'OUR ISLANDS AND THEIR PEOPLE.
THE) RAINY SEASON IN THE PHILIPPINES.
During the wet season the rain falls in torrents almost every day, until the whole surface of the country is soaked with water,
which also stands in pools and puddles over the ground.
houses are near the roads, but some are off in cocoa-nut groves at the sides.
The people live, in most cases, high up, and the average hut is reached by a ladder of bamboo poles.
The ladders slope upward at an angle of about forty-five degrees. They usually consist of heavy side-pieces and rungs about as big around as your arm, and as long as the width of the door. On the rungs the women and children sit in the evening, as our people do 011 their front door-steps, and quite small babies are to be seen thus balancing themselves and crawling up and down.a
Incidents like this serve to remind us that all men are indeed akin, and that we have no right to regard anything as common or unclean which God has created and endowed with the capacity to love.
Scenes in Manila.
Some one has said that we never lose interest in those places where we were born, and where our dead are buried. So far very few Americans have been born in Manila, but many thousands of our dead sleep their last sleep under the green sod of the tropical isles, as the long rows of numbered boards in the American cemeteries pathetically attest. Hence, whatever may be the future of the Philippine Islands, our peeple can never cease to feel a profound interest in their chief city. Business enterprises have also been established there of a character that will endure, and it is probable that for all future tijne Manila will be an American city in its business and social life, as it has been Spanish in the past.
The Bay of Manila is like an inland sea or lake. It is twenty-eight miles from the city to Corregidor Island, which stands in the mouth of the bay like a cork in a bottle; and when you reach the midway point going down in a vessel, the shores can be but dimly seen on either side, like distant clouds 011 the horizon.
The Pasig River, which unites Laguna de Bay with the Bay of Manila, and makes a second Venice of the city by debouching through a number of passages and canals, is about fifteen miles in
f a \
length, with a number of small tributaries which our American map-makers have not regarded as of sufficient importance to be indicated or named. The river is navigable only for small steamers and native boats, many of the latter being of a very picturesque character, as evidenced by numerous photographs in this work.
The foundations of the city and the country immediately around it are so low and flat as to be practically on a level with the bay, and many of the soldiers in their letters home speak of the blue waters of Manila Bay as appearing higher than the citya a fantasy of vision familiar to all who have ever viewed large bodies of water.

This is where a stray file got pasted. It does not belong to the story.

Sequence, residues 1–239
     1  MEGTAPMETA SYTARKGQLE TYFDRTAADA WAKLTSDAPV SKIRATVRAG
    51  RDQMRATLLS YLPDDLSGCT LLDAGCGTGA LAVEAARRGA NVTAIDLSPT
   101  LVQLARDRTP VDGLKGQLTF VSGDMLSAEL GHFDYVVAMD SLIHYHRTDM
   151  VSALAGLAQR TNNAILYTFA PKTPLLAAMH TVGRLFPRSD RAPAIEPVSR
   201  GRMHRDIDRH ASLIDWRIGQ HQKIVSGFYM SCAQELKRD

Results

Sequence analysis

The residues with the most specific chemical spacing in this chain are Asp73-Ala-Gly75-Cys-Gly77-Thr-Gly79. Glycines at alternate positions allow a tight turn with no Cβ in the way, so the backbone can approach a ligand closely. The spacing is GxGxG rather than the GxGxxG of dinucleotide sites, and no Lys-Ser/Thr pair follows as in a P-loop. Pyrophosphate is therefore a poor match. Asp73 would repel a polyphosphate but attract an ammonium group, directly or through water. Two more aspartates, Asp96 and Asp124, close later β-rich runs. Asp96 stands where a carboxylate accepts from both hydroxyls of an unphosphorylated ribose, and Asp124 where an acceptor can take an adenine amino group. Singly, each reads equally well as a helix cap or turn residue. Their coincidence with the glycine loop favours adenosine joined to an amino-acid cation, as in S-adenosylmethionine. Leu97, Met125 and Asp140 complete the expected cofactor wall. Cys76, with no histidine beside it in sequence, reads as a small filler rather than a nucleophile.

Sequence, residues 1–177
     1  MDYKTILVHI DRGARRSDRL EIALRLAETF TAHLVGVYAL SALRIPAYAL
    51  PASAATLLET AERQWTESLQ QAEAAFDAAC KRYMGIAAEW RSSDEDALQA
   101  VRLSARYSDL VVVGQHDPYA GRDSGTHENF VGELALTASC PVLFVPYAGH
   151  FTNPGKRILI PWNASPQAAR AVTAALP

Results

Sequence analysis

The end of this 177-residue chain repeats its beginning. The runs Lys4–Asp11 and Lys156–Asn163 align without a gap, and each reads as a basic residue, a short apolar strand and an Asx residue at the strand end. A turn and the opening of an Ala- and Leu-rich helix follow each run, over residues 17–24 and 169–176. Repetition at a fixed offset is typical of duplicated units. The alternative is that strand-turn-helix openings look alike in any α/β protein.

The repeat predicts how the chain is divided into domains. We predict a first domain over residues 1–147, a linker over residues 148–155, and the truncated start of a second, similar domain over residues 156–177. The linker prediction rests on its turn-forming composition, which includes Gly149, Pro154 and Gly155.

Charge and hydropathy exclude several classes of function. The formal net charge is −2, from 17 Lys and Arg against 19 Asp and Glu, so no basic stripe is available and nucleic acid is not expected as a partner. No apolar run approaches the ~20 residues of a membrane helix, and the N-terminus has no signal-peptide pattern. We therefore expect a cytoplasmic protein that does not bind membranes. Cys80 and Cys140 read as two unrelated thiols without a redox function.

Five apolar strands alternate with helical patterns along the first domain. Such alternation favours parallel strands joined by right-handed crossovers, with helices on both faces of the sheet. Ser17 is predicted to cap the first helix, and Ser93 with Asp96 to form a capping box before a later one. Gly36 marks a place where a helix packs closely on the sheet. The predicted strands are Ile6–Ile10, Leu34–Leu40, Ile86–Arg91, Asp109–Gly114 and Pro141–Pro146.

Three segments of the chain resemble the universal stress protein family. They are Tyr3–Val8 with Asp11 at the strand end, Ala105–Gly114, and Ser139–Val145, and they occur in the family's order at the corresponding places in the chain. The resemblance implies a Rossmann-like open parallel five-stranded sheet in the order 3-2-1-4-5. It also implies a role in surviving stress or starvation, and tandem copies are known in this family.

The scenery in this locality, and, in fact, throughout the archipelago, is very fine, as all testify who have seen it.
a Of all the places I have ever seen,a writes a correspondent, a none is of as varied beauty as the Island of Luzon. Any way that you look is a scene that an artist would rave about. It would take a volume to describe the soul-inspiring views, and we have the most beautiful sunsets imaginable. There is a plant along the trench we occupy that wilts as though scalded on touching it. Taking a stem between the thumb and finger, all the leaves immediately wither. It is a wronder. I have not learned the name of it. To those desiring to get close to nature's heart, the Philippine Islands are a rare opportunity.a Another correspondent thus describes a sunset which he witnessed at Manila, and the hyperbole
of his language may be excused in consideration of the splendor of the scene:
a It was the most beautiful and vivid picture of the 4 Great Artista ever spread upon the canvas of the earth, sea and sky. Rain had been falling the greater part of the afternoon, but the dull, gray clouds broke in the west and let the golden rays of sunlight steal through the rifts, like the search-light of heaven, onto the bay and the great, white city of Manila. The clouds rolled back like a great curtain and hung in folds over the tops of the mountains beyond Manila, and made a hazel background to the picture I am trying to describe.
a The sun sank low over the waves beyond Corregidor, and slowly the whole world seemed to be flooded with saffron glory, and the windows of the old Cathedral reflected
NATIVE RAFT OF BAMBOO POLES, ON THE PASIG RIVER.